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  1. #1
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    Default Painted Crawlspace

    Found a painted crawlspace yesterday. I suspect it was sprayed with a stain killer like Kilz. The house was built in 1996. The crawlspace is a subfloor space under the basement pier and beam floor. The sub floor ventilation system wasn't working and the two steel support posts were heavily rusted (and one had rotated well out of plumb) but my question was why did someone spray paint this space? There wasn't any evidence of a past fire and smoke.

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  2. #2
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    Default Re: Painted Crawlspace

    Quote Originally Posted by Lon Henderson View Post
    Found a painted crawlspace yesterday. I suspect it was sprayed with a stain killer like Kilz. The house was built in 1996. The crawlspace is a subfloor space under the basement pier and beam floor. The sub floor ventilation system wasn't working and the two steel support posts were heavily rusted (and one had rotated well out of plumb) but my question was why did someone spray paint this space? There wasn't any evidence of a past fire and smoke.
    The were probably trying to hide mold.

    Jim Luttrall
    www.MrInspector.net
    Plano, Texas

  3. #3
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    Default Re: Painted Crawlspace

    Besides hiding stains, the paint actually will help to keep the OSB dry by sealing the surface.
    They've laid down a heavy duty vapor barrier.
    It is all good, IMO.

    The screw jacks, not so good.

    John Kogel, RHI, BC HI Lic #47455
    www.allsafehome.ca

  4. #4
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    Mar 2007
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    Washington State
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    Default Re: Painted Crawlspace

    The white paint (Kilz) was most likely used to treat and/or seal fungi growth. I have found that OSB products develop fungi growth more easily than plywood or standard dimensional lumber. It's common for building materials to get rained on, or get damp at the job site. In most cases the fungi growth develops after installation and goes unnoticed by the builder.


  5. #5
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    Default Re: Painted Crawlspace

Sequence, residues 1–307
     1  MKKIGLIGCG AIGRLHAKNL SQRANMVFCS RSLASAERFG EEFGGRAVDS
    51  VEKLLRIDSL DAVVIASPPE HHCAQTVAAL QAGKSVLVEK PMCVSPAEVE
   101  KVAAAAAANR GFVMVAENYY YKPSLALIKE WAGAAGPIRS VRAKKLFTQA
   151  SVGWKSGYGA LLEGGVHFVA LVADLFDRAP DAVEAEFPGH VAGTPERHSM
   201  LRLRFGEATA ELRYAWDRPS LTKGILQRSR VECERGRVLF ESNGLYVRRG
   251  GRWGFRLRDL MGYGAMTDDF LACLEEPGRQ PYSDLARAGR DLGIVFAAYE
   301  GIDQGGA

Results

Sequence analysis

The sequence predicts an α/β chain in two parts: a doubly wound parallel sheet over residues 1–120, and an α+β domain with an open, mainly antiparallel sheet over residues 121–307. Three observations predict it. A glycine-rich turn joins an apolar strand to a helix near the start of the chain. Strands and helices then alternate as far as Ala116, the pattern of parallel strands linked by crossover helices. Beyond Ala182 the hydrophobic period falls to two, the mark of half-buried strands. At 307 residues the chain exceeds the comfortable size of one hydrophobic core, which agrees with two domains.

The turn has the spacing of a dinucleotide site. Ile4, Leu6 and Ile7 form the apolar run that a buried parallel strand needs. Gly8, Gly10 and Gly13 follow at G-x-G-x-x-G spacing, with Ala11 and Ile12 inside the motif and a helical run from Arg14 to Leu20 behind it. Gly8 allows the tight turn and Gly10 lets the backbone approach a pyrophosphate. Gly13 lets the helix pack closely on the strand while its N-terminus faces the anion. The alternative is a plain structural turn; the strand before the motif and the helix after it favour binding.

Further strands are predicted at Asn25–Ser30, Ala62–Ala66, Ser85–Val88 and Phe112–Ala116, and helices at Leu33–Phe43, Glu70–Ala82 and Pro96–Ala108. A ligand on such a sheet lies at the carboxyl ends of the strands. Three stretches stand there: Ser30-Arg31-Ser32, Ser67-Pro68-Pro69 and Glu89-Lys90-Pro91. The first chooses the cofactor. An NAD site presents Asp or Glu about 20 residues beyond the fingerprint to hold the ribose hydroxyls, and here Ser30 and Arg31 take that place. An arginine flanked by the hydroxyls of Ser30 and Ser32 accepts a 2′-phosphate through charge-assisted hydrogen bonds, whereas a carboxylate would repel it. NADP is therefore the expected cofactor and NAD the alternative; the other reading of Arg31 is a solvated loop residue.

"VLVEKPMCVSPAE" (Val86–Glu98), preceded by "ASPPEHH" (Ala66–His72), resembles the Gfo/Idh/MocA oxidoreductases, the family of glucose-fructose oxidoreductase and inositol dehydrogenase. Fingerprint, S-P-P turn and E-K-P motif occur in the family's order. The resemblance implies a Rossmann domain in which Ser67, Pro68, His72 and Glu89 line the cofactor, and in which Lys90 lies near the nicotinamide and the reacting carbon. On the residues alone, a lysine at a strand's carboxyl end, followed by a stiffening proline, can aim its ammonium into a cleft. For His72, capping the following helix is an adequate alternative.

I wondered about mold too, but couldn't find evidence of that. Of course, light mold can be hidden with Kilz. Sealing it to help keep it dry isn't something that I've heard of, but that may be the plausible answer.

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  6. #6
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    St Paul, MN
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    Default Re: Painted Crawlspace

    Typically there are only two reasons for spraying wood building products. Sealing mold, or sealing smoke damage.

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  7. #7
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    Default Re: Painted Crawlspace

    Quote Originally Posted by John Kogel View Post
    The screw jacks, not so good.
    Why not?

    We hear this all the time. I can see that a hollow steel column with screw adjustment can have a fire protection (rating) issue, but what is wrong with this screw jack as a support column??

    Where in the code does it say that you can't use columns with screw adjustments as long they are in accordance with ASTM A 53 grade B or approved equivalent?

    Ken Amelin
    Cape Cod's Best Inspection Services
    www.midcapehomeinspection.com

  8. #8
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    Default Re: Painted Crawlspace

    Quote Originally Posted by Ken Rowe View Post
    Typically there are only two reasons for spraying wood building products. Sealing mold, or sealing smoke damage.
    Thay may be so, but I believe the best way to report on painted wood in crawlspaces or attics is to advise that the structure was painted, the paint may conceal potential underlying problems that were not visible at time of inspection and that the buyer should question the owner about the history of the paint for information, record and further action, as necessary.